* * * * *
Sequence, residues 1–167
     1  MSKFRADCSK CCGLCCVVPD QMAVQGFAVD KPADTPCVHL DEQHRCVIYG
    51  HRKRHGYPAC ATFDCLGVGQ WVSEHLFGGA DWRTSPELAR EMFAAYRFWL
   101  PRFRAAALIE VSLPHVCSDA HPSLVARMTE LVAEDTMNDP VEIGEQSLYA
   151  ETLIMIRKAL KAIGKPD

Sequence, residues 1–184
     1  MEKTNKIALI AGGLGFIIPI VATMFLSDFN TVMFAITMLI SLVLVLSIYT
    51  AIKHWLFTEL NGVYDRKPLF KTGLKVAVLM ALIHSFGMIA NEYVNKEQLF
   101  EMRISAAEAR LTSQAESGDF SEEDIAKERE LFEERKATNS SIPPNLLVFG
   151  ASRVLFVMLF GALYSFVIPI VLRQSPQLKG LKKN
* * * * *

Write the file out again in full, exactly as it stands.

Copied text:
Sequence, residues 1–167
     1  MSKFRADCSK CCGLCCVVPD QMAVQGFAVD KPADTPCVHL DEQHRCVIYG
    51  HRKRHGYPAC ATFDCLGVGQ WVSEHLFGGA DWRTSPELAR EMFAAYRFWL
   101  PRFRAAALIE VSLPHVCSDA HPSLVARMTE LVAEDTMNDP VEIGEQSLYA
   151  ETLIMIRKAL KAIGKPD

Sequence, residues 1–184
     1  MEKTNKIALI AGGLGFIIPI VATMFLSDFN TVMFAITMLI SLVLVLSIYT
    51  AIKHWLFTEL NGVYDRKPLF KTGLKVAVLM ALIHSFGMIA NEYVNKEQLF
   101  EMRISAAEAR LTSQAESGDF SEEDIAKERE LFEERKATNS SIPPNLLVFG
   151  ASRVLFVMLF GALYSFVIPI VLRQSPQLKG LKKN